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Protestant and Catholic Reformations

“We all wake up each morning a little more Protestant.”
Robert Beauvais

It is a well-known fact that when taking a look at the Middle Ages, we may say that every wife was regarded as a husband companion, however, it is important to mention that she was only his subordinate and she had to obey her husband. As a result, women were rather restricted in their actions at that time.

Nevertheless, some time later the Protestant spirit started to dominate and after the Protestant and Catholic Reformations due to a number of changes the role of women changed a lot. Let’s examine what religious freedoms and opportunities were give to women due to these reformations.

Due to the Protestant and Catholic Reformations women started to take part in different movements, for instance, church reforms. A good example to prove this statement is with Angela Mirici, the founder of the Italian Company-St. Ursula that was a group of single women and widows helping poor and ill people. Those women found the force in themselves to start earning for their living not only by teaching but also by weaving, so becoming an independent part of the society. What’s more, in 1535 Angela even got papal approval because a large number of the Italian people were supporting St. Ursula. As a result, similar charitable women groups began to appear in other countries, such Spain and France. (Stjerna, 1963)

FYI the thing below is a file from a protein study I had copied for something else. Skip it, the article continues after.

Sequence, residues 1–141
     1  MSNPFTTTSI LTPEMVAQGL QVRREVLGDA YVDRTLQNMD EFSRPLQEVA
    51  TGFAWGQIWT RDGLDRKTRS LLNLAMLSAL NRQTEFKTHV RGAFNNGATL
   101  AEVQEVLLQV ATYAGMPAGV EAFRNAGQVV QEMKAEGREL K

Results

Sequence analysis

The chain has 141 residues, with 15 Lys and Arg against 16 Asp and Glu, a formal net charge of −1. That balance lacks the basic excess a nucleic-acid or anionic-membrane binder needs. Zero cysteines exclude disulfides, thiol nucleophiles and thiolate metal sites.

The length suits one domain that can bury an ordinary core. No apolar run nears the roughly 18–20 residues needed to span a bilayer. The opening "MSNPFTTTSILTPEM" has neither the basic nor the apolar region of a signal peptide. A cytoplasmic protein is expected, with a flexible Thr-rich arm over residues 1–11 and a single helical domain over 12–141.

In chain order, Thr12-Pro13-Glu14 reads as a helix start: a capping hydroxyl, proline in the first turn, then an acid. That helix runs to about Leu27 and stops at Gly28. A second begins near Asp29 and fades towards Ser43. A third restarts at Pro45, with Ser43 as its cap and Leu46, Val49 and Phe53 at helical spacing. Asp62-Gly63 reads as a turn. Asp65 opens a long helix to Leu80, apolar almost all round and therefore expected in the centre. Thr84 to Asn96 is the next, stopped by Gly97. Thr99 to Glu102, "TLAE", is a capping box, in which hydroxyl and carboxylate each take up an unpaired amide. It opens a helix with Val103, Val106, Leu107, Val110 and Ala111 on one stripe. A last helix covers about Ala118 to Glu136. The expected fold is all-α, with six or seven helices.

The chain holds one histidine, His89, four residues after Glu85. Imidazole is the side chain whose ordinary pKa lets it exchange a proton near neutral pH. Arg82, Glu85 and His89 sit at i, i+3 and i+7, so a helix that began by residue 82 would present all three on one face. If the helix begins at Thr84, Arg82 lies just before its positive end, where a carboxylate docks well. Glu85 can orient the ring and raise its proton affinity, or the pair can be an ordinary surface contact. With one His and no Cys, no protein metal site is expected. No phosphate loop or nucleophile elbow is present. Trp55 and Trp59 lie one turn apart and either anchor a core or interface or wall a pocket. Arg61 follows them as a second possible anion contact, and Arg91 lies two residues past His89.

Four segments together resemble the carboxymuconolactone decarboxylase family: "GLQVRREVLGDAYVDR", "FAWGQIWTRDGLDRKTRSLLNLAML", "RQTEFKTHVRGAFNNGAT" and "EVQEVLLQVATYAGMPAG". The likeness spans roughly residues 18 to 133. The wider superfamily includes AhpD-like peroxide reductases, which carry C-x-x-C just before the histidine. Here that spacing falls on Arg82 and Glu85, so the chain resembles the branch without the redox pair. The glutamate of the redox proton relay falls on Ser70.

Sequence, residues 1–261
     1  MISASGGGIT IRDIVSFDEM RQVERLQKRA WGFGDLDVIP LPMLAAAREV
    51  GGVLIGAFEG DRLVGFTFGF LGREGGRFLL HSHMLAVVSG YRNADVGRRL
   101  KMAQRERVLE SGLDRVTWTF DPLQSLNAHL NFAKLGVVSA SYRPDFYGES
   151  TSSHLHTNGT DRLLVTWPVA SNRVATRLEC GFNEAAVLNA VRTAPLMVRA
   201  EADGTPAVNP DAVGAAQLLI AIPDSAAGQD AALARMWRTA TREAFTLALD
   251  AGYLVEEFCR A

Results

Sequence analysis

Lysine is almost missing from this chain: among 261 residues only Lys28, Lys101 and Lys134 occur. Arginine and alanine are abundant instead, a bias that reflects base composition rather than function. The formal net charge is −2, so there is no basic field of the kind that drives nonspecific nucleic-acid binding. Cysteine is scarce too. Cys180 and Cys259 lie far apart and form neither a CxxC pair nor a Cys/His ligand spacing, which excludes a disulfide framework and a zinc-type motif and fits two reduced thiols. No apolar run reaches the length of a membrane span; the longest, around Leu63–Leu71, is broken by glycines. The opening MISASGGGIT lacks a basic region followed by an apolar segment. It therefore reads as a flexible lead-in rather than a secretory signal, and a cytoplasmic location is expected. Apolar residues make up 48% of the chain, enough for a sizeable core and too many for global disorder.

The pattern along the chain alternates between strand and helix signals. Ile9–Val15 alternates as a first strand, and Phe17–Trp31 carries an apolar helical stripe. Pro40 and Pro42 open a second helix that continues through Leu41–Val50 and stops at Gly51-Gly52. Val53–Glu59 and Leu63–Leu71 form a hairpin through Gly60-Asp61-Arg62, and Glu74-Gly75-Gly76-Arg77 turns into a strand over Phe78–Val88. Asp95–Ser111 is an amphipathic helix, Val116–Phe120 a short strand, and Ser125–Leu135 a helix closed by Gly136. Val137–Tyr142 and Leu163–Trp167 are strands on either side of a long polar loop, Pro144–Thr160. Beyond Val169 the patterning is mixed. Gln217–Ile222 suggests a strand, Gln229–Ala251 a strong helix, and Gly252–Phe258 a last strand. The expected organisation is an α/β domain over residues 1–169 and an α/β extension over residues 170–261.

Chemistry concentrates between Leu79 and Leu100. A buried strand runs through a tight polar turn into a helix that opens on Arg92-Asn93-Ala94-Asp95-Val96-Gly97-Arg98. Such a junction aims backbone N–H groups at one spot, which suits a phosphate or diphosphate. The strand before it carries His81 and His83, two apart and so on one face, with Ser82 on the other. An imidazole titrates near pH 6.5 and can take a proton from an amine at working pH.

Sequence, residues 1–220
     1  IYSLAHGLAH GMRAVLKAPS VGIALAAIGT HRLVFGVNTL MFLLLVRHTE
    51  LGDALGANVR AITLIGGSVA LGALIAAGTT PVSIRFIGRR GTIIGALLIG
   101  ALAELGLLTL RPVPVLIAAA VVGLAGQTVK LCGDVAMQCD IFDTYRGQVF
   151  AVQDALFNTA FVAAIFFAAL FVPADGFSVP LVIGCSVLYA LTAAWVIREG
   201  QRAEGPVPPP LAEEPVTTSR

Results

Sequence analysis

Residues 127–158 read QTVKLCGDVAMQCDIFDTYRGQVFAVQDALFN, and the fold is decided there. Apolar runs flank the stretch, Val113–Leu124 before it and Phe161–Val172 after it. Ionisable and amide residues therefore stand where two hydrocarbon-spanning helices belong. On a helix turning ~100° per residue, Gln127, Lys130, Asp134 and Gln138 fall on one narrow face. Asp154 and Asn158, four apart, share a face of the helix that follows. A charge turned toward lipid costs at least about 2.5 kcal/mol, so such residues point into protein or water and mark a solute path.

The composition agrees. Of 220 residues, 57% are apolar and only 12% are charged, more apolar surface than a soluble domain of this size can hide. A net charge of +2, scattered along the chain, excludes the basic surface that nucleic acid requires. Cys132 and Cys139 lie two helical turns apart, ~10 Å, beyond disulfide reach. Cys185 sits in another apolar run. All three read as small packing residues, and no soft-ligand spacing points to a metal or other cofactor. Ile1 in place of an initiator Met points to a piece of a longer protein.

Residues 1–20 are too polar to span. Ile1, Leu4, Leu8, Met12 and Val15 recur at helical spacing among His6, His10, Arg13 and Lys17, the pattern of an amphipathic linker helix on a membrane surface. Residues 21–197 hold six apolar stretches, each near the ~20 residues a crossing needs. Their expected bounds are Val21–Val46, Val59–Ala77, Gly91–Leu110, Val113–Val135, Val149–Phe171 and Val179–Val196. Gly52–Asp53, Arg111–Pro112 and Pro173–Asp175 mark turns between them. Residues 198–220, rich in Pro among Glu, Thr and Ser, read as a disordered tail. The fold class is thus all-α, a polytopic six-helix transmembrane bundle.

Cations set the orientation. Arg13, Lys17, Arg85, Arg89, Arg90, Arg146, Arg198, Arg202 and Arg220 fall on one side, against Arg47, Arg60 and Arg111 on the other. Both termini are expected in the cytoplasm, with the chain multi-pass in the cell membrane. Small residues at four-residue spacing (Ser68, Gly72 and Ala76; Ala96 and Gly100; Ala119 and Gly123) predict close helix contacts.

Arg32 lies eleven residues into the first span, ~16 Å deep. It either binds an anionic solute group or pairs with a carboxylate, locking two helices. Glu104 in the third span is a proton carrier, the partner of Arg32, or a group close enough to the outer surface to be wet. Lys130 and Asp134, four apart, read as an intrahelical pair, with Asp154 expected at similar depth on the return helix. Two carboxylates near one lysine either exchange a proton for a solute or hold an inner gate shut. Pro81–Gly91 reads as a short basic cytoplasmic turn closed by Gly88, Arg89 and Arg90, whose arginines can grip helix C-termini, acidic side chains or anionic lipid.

The other important issue for the role of women at that period was literature as we may find many Catholic and Protestant tests of that time, written by women: manuscripts, various skills for literary activity, books on women rights and etc. Christine de Pizan wrote a number of works, defending the women, for instance, the “City of Ladies”. (Wiesner, 1952)

Furthermore, with the increased devotion of the Blessed Mother in a Catholic nation, the role of women grew inside home and family as well. As a result, women queenship, common to Our Lady Queenship, was greatly emphasized. Hence, the mother of a family received her dignity, rights, a little independence, and what’s more, a respect. However, is should be mentioned that with the Protestant reformation this aspect of the mutual respect and dignity suffered significantly.

To sum up, after the Protestant and Catholic Reformations, the role of women changed a lot: women began participating in different movements and charity organizations, started writing various manuscripts and theological works. Of course, they met a number of problems in achieving their goals as men were against women rights and freedom and did all that they could to resist them. However, women managed to achieve a number of their goals.


O’Reilly, M.F. (1912). Vincent of Beauvais. In The Catholic Encyclopedia. New York: Robert Appleton Company. Retrieved November 28, 2011 from New Advent: http://www.newadvent.org/cathen/15439a.htm
Stjerna, Kirsi (1963) Women and the Reformation, BLACKWELL PUBLISHING, Retrieved November 28, 2011 from Books.google.com

Wiesner, Merry E. (1952) Women and gender in early modern Europe/ Merry E. Wiesner, p.cm.- (New approaches to European history 20) ISBN 0 521 77105 6 (hb) Retrieved November 28, 2011 from Books.google.com